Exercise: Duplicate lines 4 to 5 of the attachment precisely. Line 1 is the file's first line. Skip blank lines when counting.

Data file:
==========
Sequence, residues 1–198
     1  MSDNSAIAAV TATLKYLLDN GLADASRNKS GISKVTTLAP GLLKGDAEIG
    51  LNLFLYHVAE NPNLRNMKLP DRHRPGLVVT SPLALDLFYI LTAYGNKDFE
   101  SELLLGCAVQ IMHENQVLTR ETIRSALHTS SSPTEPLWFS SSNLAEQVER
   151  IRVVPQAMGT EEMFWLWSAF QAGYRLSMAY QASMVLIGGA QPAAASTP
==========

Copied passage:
   101  SELLLGCAVQ IMHENQVLTR ETIRSALHTS SSPTEPLWFS SSNLAEQVER
   151  IRVVPQAMGT EEMFWLWSAF QAGYRLSMAY QASMVLIGGA QPAAASTP